Students turn out for Voter Registration Day

WCU students register to vote in large numbers on Feb. 23, 2012. Photo: Ben Haines

With a state primary and referendum coming in May and a national election looming in November, Western Carolina University students filed out in droves for Voter Registration Day on Thursday, February 23.

The event ran from 11 a.m. to 4 p.m. on the A.K. Hinds University Center lawn and included a live student debate.  Hundreds of students registered to vote at booths and drop boxes set up on the lawn and throughout campus.

Democratic candidate Cecil Bothwell of Asheville brought his campaign for the 11th District U.S. House of Representatives seat currently held by the outgoing Heath Shuler.  Also in attendance was three-time N.C. state senator Joe Sam Queen of Haywood County, who is running for office in the North Carolina General Assembly’s newly redefined 119th District.

Two prominent issues among students registering to vote were a referendum that would legalize the sale of alcohol in all of Jackson County and a proposed amendment to North Carolina’s state constitution that would define marriage as between one man and one woman.  Both items will appear on the May 8 ballot.

“I have a lot of friends in the LGBT community,” said Krista Lujan, 21.  She explained that her opposition to the marriage amendment was part of what motivated her to register to vote on Thursday.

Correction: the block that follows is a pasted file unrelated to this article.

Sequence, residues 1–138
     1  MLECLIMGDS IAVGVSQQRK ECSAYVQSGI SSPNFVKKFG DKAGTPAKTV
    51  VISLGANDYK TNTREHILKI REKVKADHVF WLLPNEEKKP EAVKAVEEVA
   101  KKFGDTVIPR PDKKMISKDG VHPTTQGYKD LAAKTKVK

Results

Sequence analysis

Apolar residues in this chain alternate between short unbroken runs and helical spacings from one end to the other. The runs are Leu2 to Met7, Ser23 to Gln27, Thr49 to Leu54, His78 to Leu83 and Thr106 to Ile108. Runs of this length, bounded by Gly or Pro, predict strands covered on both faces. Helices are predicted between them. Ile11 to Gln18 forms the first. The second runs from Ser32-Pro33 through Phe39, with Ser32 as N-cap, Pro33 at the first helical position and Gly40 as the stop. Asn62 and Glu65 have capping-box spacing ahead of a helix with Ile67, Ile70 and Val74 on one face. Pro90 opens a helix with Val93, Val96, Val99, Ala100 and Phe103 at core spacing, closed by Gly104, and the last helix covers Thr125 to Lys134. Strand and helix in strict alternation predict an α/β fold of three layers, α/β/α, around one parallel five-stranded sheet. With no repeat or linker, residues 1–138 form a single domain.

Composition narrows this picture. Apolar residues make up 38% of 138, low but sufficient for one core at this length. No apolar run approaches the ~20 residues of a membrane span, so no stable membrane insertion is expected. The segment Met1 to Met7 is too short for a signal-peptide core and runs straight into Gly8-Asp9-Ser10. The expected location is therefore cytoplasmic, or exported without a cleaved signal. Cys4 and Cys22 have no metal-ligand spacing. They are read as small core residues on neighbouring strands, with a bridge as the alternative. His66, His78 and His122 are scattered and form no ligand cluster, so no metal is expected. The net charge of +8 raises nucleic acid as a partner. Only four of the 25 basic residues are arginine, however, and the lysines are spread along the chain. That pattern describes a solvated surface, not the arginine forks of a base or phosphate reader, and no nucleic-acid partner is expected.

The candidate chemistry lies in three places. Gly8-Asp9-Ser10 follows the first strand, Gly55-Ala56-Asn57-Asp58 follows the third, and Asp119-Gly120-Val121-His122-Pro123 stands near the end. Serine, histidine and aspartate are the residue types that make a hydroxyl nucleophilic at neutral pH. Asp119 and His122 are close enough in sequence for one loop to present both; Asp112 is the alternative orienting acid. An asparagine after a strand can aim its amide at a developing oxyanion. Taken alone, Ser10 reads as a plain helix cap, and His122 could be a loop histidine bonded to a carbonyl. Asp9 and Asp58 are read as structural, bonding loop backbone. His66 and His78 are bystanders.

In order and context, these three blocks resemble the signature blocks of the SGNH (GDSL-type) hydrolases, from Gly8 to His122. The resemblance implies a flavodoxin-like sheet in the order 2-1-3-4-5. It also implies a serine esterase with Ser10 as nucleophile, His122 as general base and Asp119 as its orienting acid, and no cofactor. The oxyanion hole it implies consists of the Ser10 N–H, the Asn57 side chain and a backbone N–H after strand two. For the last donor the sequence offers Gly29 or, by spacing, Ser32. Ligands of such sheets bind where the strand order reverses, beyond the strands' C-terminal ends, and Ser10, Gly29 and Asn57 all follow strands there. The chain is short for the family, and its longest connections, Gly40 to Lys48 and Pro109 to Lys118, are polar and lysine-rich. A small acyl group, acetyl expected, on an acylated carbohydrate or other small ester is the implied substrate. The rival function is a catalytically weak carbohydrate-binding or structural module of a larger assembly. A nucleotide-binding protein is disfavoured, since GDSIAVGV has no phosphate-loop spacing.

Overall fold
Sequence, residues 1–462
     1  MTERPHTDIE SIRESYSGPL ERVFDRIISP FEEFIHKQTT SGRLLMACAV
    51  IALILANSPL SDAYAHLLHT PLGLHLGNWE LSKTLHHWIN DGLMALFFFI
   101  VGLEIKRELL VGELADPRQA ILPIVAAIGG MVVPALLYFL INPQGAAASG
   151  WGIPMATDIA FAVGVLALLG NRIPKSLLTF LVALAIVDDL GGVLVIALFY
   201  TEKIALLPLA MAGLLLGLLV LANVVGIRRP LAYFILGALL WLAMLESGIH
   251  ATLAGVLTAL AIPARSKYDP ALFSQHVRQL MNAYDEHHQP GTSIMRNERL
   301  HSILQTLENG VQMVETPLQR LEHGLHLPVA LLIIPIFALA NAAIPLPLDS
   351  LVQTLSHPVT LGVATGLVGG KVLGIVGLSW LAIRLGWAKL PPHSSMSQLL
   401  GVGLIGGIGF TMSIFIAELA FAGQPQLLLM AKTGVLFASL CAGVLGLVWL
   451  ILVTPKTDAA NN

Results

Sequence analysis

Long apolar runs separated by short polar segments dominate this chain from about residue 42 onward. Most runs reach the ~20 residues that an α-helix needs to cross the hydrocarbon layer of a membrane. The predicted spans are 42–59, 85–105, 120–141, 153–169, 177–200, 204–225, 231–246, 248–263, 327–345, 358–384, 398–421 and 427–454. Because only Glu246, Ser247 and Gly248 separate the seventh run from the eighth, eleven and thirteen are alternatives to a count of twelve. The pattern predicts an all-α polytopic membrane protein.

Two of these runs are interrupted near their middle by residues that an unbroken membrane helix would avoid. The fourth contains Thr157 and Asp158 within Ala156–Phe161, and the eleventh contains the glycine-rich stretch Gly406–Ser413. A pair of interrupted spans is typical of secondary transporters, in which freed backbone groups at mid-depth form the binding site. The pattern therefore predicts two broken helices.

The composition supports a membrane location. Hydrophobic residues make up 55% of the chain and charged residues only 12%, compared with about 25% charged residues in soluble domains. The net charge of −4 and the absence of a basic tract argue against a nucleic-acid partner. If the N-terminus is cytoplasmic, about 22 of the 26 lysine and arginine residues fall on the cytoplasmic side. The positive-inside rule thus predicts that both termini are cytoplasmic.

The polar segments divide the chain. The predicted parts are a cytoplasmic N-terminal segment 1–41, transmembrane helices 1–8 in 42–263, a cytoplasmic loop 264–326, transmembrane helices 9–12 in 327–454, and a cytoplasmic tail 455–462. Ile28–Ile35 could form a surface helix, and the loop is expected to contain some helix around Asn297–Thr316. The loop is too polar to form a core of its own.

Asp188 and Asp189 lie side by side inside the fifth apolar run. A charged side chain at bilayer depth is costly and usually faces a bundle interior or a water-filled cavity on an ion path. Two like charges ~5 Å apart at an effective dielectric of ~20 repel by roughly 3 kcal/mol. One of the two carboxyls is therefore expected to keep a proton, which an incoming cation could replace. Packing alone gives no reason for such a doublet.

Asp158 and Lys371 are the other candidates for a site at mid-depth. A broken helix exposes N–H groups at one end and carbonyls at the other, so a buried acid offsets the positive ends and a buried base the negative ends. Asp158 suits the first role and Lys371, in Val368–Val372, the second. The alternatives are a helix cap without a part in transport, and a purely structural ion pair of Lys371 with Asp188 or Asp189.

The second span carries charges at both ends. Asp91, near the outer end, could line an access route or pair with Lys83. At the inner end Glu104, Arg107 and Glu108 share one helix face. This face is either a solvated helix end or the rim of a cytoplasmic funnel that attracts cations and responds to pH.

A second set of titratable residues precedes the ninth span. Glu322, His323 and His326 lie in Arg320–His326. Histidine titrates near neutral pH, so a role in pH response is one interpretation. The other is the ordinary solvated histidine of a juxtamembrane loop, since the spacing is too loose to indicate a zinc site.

Melissa Gispert, 22, echoed that sentiment.  “Equal rights for everyone is something that’s really important to me,” she said.

The Voter Registration Day events were a product of the Cullowhee Voter Initiative, a nonpartisan community movement dedicated to increasing election turnout among young registered voters of Jackson County.  WCU students Seth Crockett and Andy Miller, both 21, co-founded the initiative.

“We want people to get informed, get registered, and then get out and vote,” said Miller.  He spent much of the day traveling around the UC lawn personally encouraging passersby to register.

Crockett spent the bulk of the day minding a registration booth away from the UC lawn with volunteers Peyton Flinchum and Monique Heckler.  Stationed between Balsam and Blue Ridge residence halls, they had 20 registrants at their table by 2 p.m.

Registration booths were also located in the fountain quad area, in the Courtyard Dining Hall, and in the McKee and Coulter academic buildings.

Earlier in the day, students living on-campus found free voter registration forms in their University Center mailboxes, courtesy of the Cullowhee Voter Initiative.  Drop boxes placed in the mailroom allowed students checking their mail to register right then and there.

Shortly after 1 p.m., Miller took the stage on the UC lawn with colleague Jeremiah Mosteller for a live student debate.  A moderator asked the pair questions and they took turns responding to the crowd and then rebutting each other’s answer.  The topics they discussed included abortion, political action committees, and for whom to vote in November’s presidential election.

Though Miller and Mosteller disagreed on every question, they remained cordial throughout the debate and showed clear respect for one another.  One thing they agreed about was the importance of everyone making their voices heard by voting.